What can parents do?
– Only about 20 to 30% of students who are bullied notify adults about the bullying. This is an alarming statistic that should strongly resonate with all of us and is also reflective of where change is most necessary.

– Key message is to listen to the child, to validate how they feel, to not overreact, to not blame the child for not being strong enough or for not neutralizing the bully. This non-judgemental approach can help calm him and you can then work on a resolution together.
– Share with the teacher what your child has told you; describe any teasing or bullying you may have witnessed yourself. Ask the teacher if she sees similar behaviour at school, and enlist her help in finding ways to solve the problem. If she hasn’t seen any instances of teasing, ask that she keep an eye out for the behaviour you described. Be sure to make a follow-up appointment to discuss how things are going.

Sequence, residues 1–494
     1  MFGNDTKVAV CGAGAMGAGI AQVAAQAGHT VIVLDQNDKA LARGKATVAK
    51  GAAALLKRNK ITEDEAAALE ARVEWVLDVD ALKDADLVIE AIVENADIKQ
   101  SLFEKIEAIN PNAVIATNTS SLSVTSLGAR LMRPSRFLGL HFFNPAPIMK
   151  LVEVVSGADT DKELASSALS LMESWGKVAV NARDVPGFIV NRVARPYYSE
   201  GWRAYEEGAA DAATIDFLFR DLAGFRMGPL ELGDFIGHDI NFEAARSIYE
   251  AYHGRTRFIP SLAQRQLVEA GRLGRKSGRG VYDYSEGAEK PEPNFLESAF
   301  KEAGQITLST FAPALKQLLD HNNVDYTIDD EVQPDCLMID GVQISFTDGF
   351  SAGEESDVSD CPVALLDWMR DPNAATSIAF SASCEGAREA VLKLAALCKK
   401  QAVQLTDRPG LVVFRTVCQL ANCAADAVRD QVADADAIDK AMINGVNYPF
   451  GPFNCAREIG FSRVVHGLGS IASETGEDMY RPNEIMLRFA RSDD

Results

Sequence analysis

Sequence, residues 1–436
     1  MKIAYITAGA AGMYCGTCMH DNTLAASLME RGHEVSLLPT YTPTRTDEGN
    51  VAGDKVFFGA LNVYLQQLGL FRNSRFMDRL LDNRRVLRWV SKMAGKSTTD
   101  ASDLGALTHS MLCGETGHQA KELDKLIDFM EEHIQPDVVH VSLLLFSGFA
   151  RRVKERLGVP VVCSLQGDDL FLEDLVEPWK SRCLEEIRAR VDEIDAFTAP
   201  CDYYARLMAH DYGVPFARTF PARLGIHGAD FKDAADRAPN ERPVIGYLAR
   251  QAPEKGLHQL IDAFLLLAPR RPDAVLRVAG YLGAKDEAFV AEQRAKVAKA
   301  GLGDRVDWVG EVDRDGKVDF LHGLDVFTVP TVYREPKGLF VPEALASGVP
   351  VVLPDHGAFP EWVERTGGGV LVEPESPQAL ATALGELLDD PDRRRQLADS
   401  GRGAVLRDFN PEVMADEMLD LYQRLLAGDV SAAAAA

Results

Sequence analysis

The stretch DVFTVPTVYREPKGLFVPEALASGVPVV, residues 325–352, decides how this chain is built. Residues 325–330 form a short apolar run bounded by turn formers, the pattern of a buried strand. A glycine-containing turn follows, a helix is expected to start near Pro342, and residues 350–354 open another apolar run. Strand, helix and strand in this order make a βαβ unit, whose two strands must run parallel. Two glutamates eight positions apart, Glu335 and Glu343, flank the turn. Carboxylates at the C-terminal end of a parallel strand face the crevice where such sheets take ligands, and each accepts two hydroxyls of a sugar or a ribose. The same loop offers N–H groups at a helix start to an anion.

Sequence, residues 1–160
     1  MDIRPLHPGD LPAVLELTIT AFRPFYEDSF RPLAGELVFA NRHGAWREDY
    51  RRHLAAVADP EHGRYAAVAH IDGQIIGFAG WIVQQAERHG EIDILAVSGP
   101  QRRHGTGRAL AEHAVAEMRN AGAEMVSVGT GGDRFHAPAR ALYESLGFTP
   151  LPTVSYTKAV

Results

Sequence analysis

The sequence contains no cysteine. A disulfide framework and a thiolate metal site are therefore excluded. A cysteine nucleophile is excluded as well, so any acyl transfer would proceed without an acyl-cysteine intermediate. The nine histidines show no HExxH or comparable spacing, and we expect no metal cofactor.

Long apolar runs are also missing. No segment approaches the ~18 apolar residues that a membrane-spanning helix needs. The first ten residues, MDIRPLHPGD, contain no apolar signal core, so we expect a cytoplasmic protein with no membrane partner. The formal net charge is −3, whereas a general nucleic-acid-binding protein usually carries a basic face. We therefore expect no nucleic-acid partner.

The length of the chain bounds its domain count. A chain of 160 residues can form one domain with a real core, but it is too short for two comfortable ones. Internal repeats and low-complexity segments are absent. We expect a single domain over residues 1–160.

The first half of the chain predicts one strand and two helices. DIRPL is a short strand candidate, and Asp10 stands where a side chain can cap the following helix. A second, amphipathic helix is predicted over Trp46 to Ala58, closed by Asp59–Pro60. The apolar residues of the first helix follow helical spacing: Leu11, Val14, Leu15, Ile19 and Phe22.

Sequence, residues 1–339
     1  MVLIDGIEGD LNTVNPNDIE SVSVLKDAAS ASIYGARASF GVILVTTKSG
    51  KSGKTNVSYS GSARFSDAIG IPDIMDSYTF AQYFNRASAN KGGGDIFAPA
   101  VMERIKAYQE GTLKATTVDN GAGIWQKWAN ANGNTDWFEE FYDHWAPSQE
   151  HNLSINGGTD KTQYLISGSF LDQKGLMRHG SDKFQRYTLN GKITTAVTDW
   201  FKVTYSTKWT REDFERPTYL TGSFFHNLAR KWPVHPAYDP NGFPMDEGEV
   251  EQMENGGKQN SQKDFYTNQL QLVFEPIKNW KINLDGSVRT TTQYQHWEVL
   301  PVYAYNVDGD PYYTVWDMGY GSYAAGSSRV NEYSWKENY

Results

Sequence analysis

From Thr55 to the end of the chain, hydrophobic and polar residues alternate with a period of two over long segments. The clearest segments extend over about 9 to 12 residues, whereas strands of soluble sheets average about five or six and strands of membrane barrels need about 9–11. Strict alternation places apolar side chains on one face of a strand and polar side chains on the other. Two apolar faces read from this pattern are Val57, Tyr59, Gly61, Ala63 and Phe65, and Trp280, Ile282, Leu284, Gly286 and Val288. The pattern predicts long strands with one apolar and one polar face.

• If the problem persists, or the teacher ignores your concerns then ask to meet with the school counsellor directly and the school principal.

What can teachers do?
A large nationwide study in the United States found that 70.4% of school staff has seen bullying. 41% witness bullying once a week or more and that when bystanders intervene, bullying stops within 10 seconds 57% of the time. Therefore the single most important thing any teacher can do to prevent bullying is to be proactive at the class and individual level. They should not assume that if they can’t see anything, then bullying isn’t happening.

Teaching students about what is culturally and socially acceptable behaviour, and calling them out when their language or behaviour in the classroom isn’t appropriate, is fundamental to developing a safe and supportive class climate.